We all know that trees, shrubs and ornamental plants can beautify a house and certainly increase its curb appeal. Usually, that is. There are some, however, that don’t help, like when they’ve grown to completely obscure an attractive façade, or when their roots have started to invade the foundation of the home like a malicious tumor, bringing in moisture and threatening the substance of the whole structure.
The "tree" in the chimney here, right at the front of a house I just showed, is probably not a serious threat. But it's on a beautiful old house on a beautiful block in a great neighborhood. It’s an expensive house as well, with gracious proportions and a top dollar asking price. When we looked at old pictures from a previous sale of the same property a couple of years ago, my buyer immediately discovered the same plant crowning up there– just a little smaller at the time.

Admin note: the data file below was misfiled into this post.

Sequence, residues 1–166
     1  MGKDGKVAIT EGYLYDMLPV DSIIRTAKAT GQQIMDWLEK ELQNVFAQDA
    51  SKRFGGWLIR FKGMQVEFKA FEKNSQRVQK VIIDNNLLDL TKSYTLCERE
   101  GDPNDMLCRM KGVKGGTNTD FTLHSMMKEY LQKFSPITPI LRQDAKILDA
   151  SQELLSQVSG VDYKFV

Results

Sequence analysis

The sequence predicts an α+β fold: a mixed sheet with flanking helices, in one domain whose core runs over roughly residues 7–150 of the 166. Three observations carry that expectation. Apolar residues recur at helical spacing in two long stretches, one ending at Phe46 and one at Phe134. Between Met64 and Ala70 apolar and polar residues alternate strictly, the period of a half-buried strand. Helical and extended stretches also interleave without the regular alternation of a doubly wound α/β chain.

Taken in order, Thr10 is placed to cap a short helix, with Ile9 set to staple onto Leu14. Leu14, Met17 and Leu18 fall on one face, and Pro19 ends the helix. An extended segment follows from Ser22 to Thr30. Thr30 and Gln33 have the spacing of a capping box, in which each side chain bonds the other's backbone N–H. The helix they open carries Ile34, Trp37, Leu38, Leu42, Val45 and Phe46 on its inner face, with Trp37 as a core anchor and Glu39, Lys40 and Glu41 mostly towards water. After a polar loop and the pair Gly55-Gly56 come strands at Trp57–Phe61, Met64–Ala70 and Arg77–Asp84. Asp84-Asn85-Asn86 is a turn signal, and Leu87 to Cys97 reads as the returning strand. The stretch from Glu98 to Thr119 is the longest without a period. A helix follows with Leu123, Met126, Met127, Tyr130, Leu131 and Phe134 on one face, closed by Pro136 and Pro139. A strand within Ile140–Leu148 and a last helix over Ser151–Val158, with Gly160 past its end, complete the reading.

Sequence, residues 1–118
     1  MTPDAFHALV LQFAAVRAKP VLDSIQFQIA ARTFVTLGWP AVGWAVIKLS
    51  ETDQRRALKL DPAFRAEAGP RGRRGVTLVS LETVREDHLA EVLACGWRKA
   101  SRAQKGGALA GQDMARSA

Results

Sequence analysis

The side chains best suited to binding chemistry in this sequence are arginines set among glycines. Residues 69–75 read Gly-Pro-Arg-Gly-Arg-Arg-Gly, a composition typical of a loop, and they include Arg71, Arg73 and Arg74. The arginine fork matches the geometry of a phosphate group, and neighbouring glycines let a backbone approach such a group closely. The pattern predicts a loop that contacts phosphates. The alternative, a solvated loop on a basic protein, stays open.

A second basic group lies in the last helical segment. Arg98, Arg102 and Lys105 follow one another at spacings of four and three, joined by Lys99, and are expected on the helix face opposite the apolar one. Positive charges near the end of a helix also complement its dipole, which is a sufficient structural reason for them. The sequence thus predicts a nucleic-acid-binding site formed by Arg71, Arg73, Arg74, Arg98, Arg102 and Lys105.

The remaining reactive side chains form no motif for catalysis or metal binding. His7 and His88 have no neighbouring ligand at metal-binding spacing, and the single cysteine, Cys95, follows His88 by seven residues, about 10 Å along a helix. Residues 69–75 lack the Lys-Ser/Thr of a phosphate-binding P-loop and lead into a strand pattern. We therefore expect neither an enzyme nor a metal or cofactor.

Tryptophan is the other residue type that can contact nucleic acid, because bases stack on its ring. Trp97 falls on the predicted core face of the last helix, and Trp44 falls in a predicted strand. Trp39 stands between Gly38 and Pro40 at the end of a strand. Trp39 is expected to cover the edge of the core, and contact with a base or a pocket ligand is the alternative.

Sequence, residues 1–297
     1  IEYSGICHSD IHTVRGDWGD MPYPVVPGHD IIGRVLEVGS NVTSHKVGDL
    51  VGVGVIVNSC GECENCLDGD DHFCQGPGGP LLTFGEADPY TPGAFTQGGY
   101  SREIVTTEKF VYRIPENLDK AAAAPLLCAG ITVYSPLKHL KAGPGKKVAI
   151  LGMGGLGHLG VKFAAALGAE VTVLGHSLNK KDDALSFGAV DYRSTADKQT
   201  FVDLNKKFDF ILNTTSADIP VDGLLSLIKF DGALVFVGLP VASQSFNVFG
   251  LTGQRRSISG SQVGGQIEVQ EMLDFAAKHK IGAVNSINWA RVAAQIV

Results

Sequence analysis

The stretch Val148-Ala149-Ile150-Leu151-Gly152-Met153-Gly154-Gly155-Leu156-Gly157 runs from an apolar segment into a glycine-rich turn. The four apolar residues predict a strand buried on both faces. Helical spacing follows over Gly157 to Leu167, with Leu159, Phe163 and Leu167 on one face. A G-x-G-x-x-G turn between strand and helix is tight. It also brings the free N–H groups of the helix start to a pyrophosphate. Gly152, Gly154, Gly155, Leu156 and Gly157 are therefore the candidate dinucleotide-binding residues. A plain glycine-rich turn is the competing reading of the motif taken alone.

Most good agents will have a thorough walk-through with their sellers before a house goes on the market. They will explain how prospective buyers will see the place, what kind of features appeal to a wide range of buyers, and what will be a red flag for many of them. Part of the staging process—no matter how much money the seller is willing or able to spend—should always be a critical look at maintenance issues. Weeds in the gutters, cracked window panes or a little rotten wood on a deck might be harmless in the specific home, but they will have a buyer wonder what other, invisible problems have not been taken care of. Or they will outright be scary and make the buyer run.
That said, of course it's up to the sellers to take their agent's advice or to ignore it.
Recently, I wrote about the importance of regular fireplace and chimney maintenance.... Well, let’s not go there. Let’s just say, some trees clearly take away from the beauty of a property.